To read the Natural Resource Defense Council's official press release on the new carbon pollution standards, click here.
For more information, click here.
EcoWatch Daily Newsletter
By Charli Shield
At unsettling times like the coronavirus outbreak, it might feel like things are very much out of your control. Most routines have been thrown into disarray and the future, as far as the experts tell us, is far from certain.
By Elizabeth Henderson
Farmworkers, farmers and their organizations around the country have been singing the same tune for years on the urgent need for immigration reform. That harmony turns to discord as soon as you get down to details on how to get it done, what to include and what compromises you are willing to make. Case in point: the Farm Workforce Modernization Act (H.R. 5038), which passed in the House of Representatives on Dec. 11, 2019, by a vote of 260-165. The Senate received the bill the next day and referred it to the Committee on the Judiciary, where it remains. Two hundred and fifty agriculture and labor groups signed on to the United Farm Workers' (UFW) call for support for H.R. 5038. UFW President Arturo Rodriguez rejoiced:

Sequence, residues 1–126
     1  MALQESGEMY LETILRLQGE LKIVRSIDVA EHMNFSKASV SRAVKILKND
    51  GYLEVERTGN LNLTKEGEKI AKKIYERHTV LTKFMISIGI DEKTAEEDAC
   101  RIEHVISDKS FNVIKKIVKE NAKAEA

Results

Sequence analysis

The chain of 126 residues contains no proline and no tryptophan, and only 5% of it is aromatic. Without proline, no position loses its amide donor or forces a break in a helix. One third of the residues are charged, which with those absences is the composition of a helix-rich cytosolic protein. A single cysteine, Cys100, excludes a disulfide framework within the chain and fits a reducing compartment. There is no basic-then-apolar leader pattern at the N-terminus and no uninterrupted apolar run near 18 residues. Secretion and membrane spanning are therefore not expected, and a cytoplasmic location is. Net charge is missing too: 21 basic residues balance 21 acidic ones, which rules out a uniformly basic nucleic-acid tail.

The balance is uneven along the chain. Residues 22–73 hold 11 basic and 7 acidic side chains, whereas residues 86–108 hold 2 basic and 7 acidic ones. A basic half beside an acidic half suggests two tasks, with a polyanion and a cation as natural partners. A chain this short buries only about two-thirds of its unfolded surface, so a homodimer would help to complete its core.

By Julia Conley
A council representing more than 800,000 doctors across the U.S. signed a letter Friday imploring President Donald Trump to reverse his call for businesses to reopen by April 12, warning that the president's flouting of the guidance of public health experts could jeopardize the health of millions of Americans and throw hospitals into even more chaos as they fight the coronavirus pandemic.
By Melissa Kravitz Hoeffner
Over six gallons of water are required to produce one gallon of wine. "Irrigation, sprays, and frost protection all [used in winemaking] require a lot of water," explained winemaker and sommelier Keith Wallace, who's also a professor and the founder of the Wine School of Philadelphia, the largest independent wine school in the U.S. And water waste is just the start of the climate-ruining inefficiencies commonplace in the wine industry. Sustainably speaking, climate change could be problematic for your favorite glass of wine.